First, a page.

There are some 10 or so main tribes in South Africa – Zulu, Xhosa, Venda, Swati and so on. They all have some of their own cultures but now there is a lot of mixing and differences have reduced. The status of women in the society is not too bad either. They work, drive and lead an equal life, at least in the cities.

The two most powerful tribes of SA, the Zulu and the Xhosa have quite a difficult relationship till now. Apparently, they had a different view of dealing with the Afrikaners and that has led to long-standing differences. Even now, there is a lot of politics between the two tribes, so much so that even today, in the state of Kwa-Zulu Natal, where the Zulu are in majority, they would not treat a Xhosa with too much respect. I heard anecdotally that in the state hierarchy, it’s the Zulu on the top, then Indians and even the Whites and Afrikaans people comes above the Xhosa. I found that quite funny but sad too, that till today the people of the country are divided in some ways, which ends up benefiting some of the outsiders.

I heard a very interesting tit bit which I am not very sure of but wanted to share anyways. One of the Venda tribes has a surname which matches one of the Jewish surnames of the lost tribe. And this tribe till today follows some of the traditions which are similar to the Jews. So could they be one of the lost tribes of Israel??

The Indians from SA are different from the Indians from India. After being away from the country for centuries, they have developed their own culture. Most of them live near Durban and a few in Petermaritzburg. They have a typical South African accent, and speak ‘Durban’ as my friend put it. And have developed a local Indian dish called ‘Bunny Chow’! They also have some names which are not that common in India, like Chetty, Moodley and so on.

However, they still follow the festivals and culture from India, celebrating festivals like Holi and Diwali, Navratri, wearing Indian clothes for weddings, watching Hindi movies and some of them even speak Hindi even though the younger generation does not. Its interesting to see how as an Indian, you would connect in some ways and in some not be able to with people who left your country so long ago.

You can see the influence of Britishness everywhere, especially with the names of streets and the number of parks in the cities. The British as well as the Dutch made the country their own, and you can see which were the British and which the Dutch spheres of influence. Also because of that I think, there is the same fascination in SA for London and the UK as I see quite often in India. The rest of the world on one side, London and UK on the other😊.

Politics and business

South Africa has one of the most complicated histories and complications. I must say I have read the wiki page a couple of times but I still get confused with the whole British and Dutch interactions, the Boer wars and how Apartheid came across. So am not going to write about.

I am just going to mention a few things I noticed. One of course is that corruption is a big part of the country though it has not been accepted by the people. They still protest against it, unlike India where it almost been accepted. The whole Zuma - Gupta scandal is quite popular anyways. I credit Indians to have exported such levels of corruption to the country😊.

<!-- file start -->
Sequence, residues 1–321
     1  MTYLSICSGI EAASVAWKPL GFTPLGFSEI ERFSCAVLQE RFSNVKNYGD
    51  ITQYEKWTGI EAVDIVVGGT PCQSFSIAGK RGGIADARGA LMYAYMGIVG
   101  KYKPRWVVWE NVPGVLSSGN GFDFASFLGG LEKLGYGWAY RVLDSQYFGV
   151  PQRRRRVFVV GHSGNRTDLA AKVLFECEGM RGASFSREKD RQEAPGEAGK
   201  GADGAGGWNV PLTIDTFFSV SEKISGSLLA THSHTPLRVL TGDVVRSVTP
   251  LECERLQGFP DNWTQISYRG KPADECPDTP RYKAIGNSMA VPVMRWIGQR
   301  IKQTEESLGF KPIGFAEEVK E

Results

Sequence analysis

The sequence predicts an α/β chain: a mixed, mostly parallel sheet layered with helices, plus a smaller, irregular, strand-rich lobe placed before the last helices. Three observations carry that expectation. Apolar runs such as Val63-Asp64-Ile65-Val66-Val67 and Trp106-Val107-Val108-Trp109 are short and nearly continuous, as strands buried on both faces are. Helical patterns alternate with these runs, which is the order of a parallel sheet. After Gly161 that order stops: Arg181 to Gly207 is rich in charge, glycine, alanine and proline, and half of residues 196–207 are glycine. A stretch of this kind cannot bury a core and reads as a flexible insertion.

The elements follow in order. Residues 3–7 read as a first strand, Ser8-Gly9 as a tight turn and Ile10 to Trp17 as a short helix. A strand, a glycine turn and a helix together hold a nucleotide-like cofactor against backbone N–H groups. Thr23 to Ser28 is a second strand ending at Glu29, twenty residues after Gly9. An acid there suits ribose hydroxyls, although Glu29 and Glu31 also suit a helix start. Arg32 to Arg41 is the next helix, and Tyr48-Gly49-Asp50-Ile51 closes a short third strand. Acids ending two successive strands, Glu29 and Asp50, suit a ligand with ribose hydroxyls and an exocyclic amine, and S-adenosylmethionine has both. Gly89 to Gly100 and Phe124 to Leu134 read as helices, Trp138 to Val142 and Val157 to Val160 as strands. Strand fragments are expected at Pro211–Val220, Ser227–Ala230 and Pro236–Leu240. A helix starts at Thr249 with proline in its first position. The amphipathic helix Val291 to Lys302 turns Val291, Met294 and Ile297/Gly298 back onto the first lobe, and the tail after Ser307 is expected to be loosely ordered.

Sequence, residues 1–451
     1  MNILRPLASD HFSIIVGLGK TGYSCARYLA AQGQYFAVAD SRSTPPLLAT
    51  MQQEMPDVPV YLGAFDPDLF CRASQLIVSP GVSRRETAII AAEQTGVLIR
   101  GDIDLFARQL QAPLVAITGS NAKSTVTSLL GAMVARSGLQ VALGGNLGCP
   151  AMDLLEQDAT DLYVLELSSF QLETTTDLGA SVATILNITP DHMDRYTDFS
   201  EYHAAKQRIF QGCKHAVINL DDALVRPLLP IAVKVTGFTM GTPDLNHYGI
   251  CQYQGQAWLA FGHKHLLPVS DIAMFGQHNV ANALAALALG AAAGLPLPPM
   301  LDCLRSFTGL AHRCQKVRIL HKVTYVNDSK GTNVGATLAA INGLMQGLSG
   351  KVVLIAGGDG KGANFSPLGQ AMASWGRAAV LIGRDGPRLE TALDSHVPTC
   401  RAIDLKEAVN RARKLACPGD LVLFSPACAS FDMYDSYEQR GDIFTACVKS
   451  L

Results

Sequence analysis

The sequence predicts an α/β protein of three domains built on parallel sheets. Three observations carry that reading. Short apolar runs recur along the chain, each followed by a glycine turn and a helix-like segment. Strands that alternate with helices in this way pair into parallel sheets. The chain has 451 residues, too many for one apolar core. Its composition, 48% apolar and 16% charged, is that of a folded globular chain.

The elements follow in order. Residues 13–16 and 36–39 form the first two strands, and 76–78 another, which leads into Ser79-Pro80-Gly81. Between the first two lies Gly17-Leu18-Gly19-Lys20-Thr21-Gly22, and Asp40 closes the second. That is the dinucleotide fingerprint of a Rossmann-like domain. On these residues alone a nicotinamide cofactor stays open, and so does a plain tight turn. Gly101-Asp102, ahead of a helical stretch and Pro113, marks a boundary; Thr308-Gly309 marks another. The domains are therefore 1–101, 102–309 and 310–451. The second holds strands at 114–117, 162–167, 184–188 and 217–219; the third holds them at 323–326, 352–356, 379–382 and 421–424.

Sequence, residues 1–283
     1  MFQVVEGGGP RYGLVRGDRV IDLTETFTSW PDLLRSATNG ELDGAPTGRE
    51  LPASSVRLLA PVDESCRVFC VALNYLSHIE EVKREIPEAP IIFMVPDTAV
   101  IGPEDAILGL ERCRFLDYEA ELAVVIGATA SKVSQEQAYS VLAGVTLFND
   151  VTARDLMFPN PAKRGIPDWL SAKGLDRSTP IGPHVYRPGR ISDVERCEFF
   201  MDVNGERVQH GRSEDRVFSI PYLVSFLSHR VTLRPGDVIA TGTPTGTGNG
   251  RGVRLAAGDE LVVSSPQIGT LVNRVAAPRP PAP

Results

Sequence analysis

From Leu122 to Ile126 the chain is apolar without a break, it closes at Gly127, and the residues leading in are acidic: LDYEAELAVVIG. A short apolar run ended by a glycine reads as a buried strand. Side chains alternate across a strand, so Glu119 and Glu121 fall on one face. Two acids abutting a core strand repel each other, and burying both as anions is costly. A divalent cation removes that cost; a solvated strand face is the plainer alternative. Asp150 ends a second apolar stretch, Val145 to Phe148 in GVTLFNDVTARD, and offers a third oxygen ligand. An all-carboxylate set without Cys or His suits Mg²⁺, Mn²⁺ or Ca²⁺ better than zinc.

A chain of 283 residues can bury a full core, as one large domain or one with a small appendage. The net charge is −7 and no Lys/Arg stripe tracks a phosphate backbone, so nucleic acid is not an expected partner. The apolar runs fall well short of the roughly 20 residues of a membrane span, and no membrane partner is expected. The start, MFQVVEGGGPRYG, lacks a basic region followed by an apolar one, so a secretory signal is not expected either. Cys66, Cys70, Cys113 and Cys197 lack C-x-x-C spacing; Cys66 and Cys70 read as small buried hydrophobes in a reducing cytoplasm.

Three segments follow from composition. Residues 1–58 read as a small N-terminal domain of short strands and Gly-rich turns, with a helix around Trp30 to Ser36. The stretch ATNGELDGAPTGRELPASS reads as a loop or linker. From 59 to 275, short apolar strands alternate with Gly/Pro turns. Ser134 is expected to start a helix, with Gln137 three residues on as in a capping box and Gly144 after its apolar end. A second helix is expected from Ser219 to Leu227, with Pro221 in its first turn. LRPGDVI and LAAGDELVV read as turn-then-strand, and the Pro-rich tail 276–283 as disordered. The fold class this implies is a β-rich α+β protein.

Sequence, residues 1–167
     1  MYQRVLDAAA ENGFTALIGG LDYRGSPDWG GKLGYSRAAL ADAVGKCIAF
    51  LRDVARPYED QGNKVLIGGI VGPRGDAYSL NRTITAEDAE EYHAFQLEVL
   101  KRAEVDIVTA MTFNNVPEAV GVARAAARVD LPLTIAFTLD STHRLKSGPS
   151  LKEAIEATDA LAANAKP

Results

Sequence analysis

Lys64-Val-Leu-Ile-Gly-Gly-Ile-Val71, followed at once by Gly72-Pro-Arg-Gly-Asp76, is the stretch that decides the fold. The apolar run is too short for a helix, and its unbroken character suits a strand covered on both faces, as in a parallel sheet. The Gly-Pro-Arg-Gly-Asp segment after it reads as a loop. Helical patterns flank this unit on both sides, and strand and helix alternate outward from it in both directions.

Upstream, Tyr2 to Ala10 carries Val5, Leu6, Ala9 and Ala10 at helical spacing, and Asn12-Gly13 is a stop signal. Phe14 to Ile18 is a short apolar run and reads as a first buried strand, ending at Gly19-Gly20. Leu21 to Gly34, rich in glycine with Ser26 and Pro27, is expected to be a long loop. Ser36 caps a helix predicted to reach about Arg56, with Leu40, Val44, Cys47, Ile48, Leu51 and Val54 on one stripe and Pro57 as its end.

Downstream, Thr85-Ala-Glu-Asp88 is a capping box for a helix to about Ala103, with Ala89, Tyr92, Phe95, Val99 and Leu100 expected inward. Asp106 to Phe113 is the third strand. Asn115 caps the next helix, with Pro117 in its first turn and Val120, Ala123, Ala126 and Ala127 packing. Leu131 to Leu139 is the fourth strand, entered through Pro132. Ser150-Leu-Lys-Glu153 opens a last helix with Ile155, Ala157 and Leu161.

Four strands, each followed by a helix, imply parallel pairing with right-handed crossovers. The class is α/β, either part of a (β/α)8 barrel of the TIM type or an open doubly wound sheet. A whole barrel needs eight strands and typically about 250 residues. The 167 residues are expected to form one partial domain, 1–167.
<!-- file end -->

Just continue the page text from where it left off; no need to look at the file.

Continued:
But there are lot of other aspects which are already there. For example, to get out of a traffic violation, you need to give the cop 50 ZAR and that is good. They even have a service at the airport where you can get faster through the immigration queues. But it does not seem like a valid way – it feels more like the employees know everyone around in the airport and just take you to the front of the queue! Its definitely convenient but basically shows how you can get around the rules in the country.

And there is something about getting a SA visa which makes you feel that they think the whole world wants to get there and never leave!! It takes a month to get an appointment at their visa center, and they give only 3 month visas at a time! If you want to get an extension, you have to get a detailed medical examination done - all of which I found very surprising.

Also, there is a lot of entrepreneurship in the country, or at least was for many years. There are lot of companies which have a global presence but are headquartered in SA. The reason for that is during the sanctions of the apartheid times, given how isolated they were, there was a huge drive to build companies to service its needs. And when the sanctions lifted, all these countries looked outwards, did acquisitions and flourished.


Racism and talk about it is such a big part of South African life, its surprising. Specially coming from the western world where you have to be politically correct the whole time, it was quite uncomfortable for me initially to talk about it.

Racial differences very much exist in the society. Even though everyone seems to have mixed in well together, it is going to be decades before it becomes truly mixed. The Blacks are still mostly poor and live in townships which are not the best parts of town. The whites have the massive bungalows in the posh parts of town, multiple holiday homes along the sea and Kruger and Garden routes and so on. They still have the best jobs and own all the assets in the country.